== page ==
The project was created during the Holiday of Holidays event.
Wadi Nisnas is one of the most picturesque – and oldest – of the neighbourhoods of Haifa. Its narrow and winding streets, falling away down a steep hill towards the sea, are home to a mainly Arab population and are testimony to the warm and friendly relations existing in this, the most pluralistic of Israeli cities, where Arabs and Jews live together in close proximity.
The Wadi Nisnas Hanuka-Christmas-Ramadan Festival is a social, cultural and artistic expression of these good relations. This “Holiday of Holidays” takes several forms: art exhibitions, music and dance performances, sale of arts and crafts and encounters between artists and the public.
The open air sculptures shown here were part of the Wadi Nisnas Festival of 1997. Together and separately, they relate to an idea combining social and urban interest, the goal of which was to attract visitors to the Wadi Nisnas area.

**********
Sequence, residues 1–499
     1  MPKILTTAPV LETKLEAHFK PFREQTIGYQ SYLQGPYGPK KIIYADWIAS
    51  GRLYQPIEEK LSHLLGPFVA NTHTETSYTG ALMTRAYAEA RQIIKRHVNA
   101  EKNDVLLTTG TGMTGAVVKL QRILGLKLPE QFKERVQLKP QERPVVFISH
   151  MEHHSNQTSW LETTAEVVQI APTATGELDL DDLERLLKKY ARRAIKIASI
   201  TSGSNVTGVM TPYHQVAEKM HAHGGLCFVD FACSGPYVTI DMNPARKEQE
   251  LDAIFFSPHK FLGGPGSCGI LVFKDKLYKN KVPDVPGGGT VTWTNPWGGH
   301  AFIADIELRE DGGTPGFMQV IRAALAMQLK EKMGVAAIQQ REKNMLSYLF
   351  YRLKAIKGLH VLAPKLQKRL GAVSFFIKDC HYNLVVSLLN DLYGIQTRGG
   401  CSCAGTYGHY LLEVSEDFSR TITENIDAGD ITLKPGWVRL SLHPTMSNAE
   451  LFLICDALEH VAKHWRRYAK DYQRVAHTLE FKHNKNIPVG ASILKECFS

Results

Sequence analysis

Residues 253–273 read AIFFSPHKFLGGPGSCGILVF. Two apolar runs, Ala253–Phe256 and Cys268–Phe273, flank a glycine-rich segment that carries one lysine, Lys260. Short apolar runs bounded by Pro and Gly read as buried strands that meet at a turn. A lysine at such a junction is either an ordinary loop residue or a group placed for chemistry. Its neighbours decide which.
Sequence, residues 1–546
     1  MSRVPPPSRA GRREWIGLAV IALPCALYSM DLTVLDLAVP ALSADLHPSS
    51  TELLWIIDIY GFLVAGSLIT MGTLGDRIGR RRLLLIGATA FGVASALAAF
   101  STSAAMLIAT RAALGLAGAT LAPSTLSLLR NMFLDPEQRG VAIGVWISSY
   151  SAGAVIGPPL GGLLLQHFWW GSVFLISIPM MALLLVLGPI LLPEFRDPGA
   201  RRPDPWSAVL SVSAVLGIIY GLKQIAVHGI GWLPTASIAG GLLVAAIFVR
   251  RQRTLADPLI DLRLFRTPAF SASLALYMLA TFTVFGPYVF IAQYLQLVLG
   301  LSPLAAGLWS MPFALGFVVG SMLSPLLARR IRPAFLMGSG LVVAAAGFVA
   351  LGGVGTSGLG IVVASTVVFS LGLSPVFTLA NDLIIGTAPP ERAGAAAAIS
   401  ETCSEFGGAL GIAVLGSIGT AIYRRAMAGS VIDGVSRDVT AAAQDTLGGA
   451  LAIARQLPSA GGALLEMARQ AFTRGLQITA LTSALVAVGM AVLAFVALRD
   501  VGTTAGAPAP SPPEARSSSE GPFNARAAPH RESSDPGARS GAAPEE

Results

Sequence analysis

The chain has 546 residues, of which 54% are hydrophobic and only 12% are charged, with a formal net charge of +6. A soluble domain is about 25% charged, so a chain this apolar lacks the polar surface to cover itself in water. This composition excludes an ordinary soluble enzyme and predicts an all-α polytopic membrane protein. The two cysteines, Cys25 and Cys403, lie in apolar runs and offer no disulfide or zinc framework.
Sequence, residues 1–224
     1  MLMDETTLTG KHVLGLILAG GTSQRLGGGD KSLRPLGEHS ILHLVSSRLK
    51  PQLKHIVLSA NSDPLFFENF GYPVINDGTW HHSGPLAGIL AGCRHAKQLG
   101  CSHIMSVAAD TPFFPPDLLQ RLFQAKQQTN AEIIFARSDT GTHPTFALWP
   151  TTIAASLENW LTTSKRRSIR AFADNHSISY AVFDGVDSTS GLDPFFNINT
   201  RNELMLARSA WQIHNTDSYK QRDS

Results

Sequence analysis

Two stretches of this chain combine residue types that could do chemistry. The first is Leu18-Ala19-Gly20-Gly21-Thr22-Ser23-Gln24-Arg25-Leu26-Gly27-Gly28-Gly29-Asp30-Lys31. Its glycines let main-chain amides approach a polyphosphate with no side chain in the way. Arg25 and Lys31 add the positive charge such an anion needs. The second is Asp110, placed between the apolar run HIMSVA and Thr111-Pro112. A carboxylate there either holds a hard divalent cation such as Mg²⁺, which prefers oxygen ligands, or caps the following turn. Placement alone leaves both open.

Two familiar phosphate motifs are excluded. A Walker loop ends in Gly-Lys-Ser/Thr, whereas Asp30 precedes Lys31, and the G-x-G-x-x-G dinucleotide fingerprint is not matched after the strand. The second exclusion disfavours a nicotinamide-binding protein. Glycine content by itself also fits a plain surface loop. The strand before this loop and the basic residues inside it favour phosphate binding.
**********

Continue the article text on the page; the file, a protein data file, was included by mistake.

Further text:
The artistic interaction in this project stems from the basic character of the place, with its human texture, its urban components, and the social issues dealt with at nearby Beit Hagefen, a centre of Jewish-Arab culture. The art encounter, which was comprised of many elements, material and spiritual, enabled the participating artists to present their works in an open framework, making perceptible the removal of the barrier between what is seen as elitist art and populist art, between intellectual statement and ethnic artistic expression, between “noble” and “poor” materials, between centre and periphery, and between contemporary and traditional approaches. The aim was to create a meeting-point which in the viewers eye will connect into a colourful weave where, without the warp, the weft will have nothing to hold on to.
There was no unifying title for this project. It contained personal artistic expressions appropriate to the place where they were displayed, and linked one to another with the naturalness of their flow, and with something of the theatrical about it, in how they were displayed on roofs, walls, alleys, passageways and other unconventional spaces.
source: Beit Hagefen